William LeoGrande Dean School of public Affairs American University dr Marifeli

William leogrande dean school of public affairs

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hernández president Cuban American National Foundation dr. William LeoGrande Dean, School of public Affairs American University dr. Marifeli pérez- stable Vice president for Democratic Governance inter-American Dialogue Jorge r. piñón Energy Fellow Center for Hemispheric policy University of Miami dr. Archibald ritter Distinguished research professor Emeritus Department of Economics and Norman paterson School of international Affairs Carleton University Andrés rozental Nonresident Senior Fellow, The Brookings institution Former Deputy Foreign Minister of Mexico Carlos saladrigas Co- Chairman Cuba Study Group“CUBA:A New policy of Critical and Constructive Engagement,” pg online @ //um-ef) The April 17, 2009 Summit of the Americas in Trinidad and Tobago provides president Obama with an opportunity to enhance U.S. credibility and leadership in the region by signaling a new direction in U.S.-Cuba policy . rather than continuing to demand preconditions for engaging the Cuban government in the multilateral arena, the president should encourage the Organization of American States and international financial institutions to support Cuba’s integration into their organizations as long as it meets their membership criteria of human rights, democracy, and financial transparency . if Cuba’s leaders know that Cuba can become a full member upon meeting standard requirements, they could have an incentive to carry out difficult reforms that ultimately benefit the Cuban people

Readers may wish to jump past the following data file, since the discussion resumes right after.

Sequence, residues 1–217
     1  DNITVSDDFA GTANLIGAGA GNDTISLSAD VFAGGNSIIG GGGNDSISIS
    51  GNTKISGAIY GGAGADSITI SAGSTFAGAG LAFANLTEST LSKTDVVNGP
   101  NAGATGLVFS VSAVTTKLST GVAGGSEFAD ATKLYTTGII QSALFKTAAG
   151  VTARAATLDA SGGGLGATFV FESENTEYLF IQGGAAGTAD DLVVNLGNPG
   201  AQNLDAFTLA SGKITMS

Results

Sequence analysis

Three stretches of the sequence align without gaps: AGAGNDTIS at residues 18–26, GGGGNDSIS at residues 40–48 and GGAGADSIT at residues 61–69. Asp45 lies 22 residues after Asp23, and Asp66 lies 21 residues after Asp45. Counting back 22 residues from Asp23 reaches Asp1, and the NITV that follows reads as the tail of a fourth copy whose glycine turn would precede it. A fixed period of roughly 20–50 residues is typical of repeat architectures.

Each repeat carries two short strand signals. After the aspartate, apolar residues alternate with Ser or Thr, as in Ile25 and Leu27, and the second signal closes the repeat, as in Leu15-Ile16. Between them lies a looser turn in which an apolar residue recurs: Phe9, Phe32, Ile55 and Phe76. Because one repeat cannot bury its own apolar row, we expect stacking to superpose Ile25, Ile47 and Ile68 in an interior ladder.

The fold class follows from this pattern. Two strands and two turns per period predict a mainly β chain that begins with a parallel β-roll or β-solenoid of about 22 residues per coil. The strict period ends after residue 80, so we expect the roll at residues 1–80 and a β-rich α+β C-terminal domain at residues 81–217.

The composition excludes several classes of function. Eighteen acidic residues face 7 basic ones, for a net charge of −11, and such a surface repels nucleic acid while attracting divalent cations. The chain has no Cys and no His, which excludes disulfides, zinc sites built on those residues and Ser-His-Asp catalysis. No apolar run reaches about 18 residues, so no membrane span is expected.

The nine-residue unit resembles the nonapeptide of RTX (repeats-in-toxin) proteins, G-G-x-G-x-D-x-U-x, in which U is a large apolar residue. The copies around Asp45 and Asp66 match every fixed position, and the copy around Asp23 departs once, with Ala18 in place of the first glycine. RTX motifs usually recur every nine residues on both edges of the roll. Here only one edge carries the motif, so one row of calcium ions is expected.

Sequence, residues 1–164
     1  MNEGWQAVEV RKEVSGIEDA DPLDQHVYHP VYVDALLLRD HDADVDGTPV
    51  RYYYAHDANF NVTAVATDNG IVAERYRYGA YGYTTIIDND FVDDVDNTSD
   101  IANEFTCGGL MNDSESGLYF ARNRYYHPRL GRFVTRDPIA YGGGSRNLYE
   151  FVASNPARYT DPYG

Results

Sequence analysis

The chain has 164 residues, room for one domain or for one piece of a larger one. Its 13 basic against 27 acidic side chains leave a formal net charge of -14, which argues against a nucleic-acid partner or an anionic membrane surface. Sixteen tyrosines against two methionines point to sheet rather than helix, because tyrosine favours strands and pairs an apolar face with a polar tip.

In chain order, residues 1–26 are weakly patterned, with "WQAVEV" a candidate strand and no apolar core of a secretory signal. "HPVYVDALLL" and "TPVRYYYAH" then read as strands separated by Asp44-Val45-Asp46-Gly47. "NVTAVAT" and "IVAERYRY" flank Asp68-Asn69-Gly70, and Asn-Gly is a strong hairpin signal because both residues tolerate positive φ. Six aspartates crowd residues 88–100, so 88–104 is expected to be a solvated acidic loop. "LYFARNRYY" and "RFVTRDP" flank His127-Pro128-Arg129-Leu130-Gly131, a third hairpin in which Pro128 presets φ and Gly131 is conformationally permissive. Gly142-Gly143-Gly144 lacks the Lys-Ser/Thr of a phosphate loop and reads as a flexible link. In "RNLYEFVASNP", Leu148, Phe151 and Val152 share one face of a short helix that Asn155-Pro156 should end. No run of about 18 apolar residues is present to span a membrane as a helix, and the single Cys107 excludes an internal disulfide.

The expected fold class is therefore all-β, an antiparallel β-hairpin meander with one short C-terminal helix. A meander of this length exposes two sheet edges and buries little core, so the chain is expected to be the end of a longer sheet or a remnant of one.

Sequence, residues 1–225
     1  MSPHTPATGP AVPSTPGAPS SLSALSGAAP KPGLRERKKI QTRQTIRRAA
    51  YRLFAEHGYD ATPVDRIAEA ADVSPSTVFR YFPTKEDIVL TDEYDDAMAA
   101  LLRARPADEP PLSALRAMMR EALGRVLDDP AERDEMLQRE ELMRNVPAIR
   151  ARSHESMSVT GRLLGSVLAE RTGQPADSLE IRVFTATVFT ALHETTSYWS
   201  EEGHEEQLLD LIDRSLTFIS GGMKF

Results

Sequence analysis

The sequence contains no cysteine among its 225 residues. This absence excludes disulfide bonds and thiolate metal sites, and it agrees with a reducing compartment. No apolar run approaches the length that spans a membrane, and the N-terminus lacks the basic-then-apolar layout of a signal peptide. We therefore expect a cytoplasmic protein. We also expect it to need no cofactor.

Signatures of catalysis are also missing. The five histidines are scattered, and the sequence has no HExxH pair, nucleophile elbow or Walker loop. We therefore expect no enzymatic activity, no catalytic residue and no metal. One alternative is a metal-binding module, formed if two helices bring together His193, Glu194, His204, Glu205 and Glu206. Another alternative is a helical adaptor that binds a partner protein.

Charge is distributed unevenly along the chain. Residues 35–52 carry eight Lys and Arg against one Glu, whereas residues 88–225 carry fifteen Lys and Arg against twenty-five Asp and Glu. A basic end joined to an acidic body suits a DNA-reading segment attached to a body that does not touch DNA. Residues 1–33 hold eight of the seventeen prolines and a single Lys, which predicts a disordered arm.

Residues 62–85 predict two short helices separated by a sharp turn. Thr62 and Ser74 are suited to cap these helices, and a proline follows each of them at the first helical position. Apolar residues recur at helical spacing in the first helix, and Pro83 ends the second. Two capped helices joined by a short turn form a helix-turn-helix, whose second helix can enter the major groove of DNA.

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at: Biod adv/add-on Diplomatic engagement is a better internal link– lifting restrictions on diplomats allows for more cooperation on environmental initiatives and treaties – additionally CP allows for more scientific activities to mitigate any environmental issues Economic engagement wrecks Cuban biodiversity Dean, 7 -Science Editor for the NYT (Cornelia, “Conserving Cuba, After the Embargo”, New York Times, 12/25/07, )//TL Through accidents of geography and history, Cuba is a priceless ecological resource. That is why many scientists are so worried about what will become of it after Fidel Castro and his associates leave power and, as is widely anticipated, the American government relaxes or ends its trade embargo. Cuba , by far the region’s largest island, sits at the confluence of the Atlantic Ocean, the Gulf of Mexico and the Caribbean Sea. Its mountains, forests, swamps, coasts and marine areas are rich in plants and animals, some seen nowhere else. And since the imposition of the embargo in 1962, and especially with the collapse in 1991 of the Soviet Union, its major economic patron, Cuba’s economy has stagnated. Cuba has not been free of development, including Soviet-style top-down agricultural and mining operations and, in recent years, an expansion of tourism. But it also has an abundance of landscapes that elsewhere in the region have been ripped up, paved over, poisoned or otherwise destroyed in the decades since the Cuban revolution , when development has been most intense. Once the embargo ends, the island
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